Design Thinking Can Work in Any Subject

Every day, I ask my kids, “What did you make in school today?” Too often, they can’t give me an answer. But on the days that they do, their eyes light up and they passionately describe their projects. It’s in those moments that I am reminded that making is magic.

I want to see schools transform into bastions of creativity and wonder. But here’s the thing: this is hard to pull off. We all have curriculum maps and limited resources and standards we have to teach. We don’t always have fancy maker spaces or high-tech gadgetry. Our time is limited and so creativity is often a lofty ideal that rarely becomes a reality.

This is what I love about design thinking. It works within the standards in every subject. It’s a flexible approach that you can use with limited resources. It isn’t something new that you add to your crowded schedule. Instead, it’s an innovative approach to the work you are already doing — a process designed specifically to boost creativity and bring out the maker in every student.

The term “design thinking” is often attached to maker spaces and STEM labs. However, design thinking is bigger than STEM. It begins with the premise of tapping into student curiosity and allowing them to create, test and re-create until they eventually ship what they made to a real audience (sometimes global but often local). Design thinking isn’t a subject or a topic or a class. It’s more of way of solving problems that encourages risk-taking and creativity.

Design thinking is used in the arts, in engineering, in the corporate world, and in social and civic spaces. You can use it in every subject with every age group. It works when creating digital content or when building things with duct tape and cardboard.

As a teacher, I used design thinking for over a decade in coding projects,  service projects, documentaries, and engineering challenges. As startup co-founder, I’ve used the design thinking cycle for product development. As an author, it’s a framework I use for publishing. In other words, it’s incredibly adaptable.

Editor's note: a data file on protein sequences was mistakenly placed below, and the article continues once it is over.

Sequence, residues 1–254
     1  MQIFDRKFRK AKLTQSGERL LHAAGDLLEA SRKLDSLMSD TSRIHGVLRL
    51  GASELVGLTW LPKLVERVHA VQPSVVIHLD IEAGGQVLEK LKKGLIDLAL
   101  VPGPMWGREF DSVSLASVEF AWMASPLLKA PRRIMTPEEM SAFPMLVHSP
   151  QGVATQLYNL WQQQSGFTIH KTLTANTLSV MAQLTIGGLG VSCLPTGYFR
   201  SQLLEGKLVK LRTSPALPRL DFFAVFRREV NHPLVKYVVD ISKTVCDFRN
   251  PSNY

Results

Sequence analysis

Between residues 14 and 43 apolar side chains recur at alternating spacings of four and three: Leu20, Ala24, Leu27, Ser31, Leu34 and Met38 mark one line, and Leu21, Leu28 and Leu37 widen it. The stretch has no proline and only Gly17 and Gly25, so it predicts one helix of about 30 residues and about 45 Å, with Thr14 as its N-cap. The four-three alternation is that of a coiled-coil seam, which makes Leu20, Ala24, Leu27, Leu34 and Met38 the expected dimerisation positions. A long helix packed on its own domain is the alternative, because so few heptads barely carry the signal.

The LAUNCH Cycle

So, here’s a description of the design thinking cycle that AJ Juliani and I developed and included in our book Launch: Using the Design Thinking Process to Boost Creativity and Bring Out the Maker in Every Student. Note that we added a final phase that’s often missing from design thinking models. It’s the idea of launching. It’s the belief that after students have designed their work, they should send it to an authentic audience.

Although there are many models for design thinking, we have developed the student-friendly LAUNCH Cycle. We added a few components, including inquiry and research and we broadened the starting place from empathy to awareness, so that students could begin with a passion, an interest, a problem, or the observation of a phenomenon (sometimes the empathy comes later in the process).

We also created an acronym to help make it easier to remember:

L: Look, Listen, and Learn
In the first phase, students look, listen, and learn.The goal here is awareness. It might be a sense of wonder at a process or an awareness of a problem or a sense of empathy toward an audience.

A: Ask Tons of Questions
Sparked by curiosity, students move to the second phase, where they ask tons of questions.

U: Understanding the Process or Problem
This leads to understanding the process or problem through an authentic research experience. They might conduct interviews or needs assessments, research articles, watch videos, or analyze data.

N: Navigate Ideas
Students apply that newly acquired knowledge to potential solutions. In this phase, they navigate ideas. Here they not only brainstorm, but they also analyze ideas, combine ideas, and generate a concept for what they will create.

C: Create a Prototype
In this next phase, they create a prototype. It might be a digital work or a tangible product, a work of art or something they engineer. It might even be an action or an event or a system.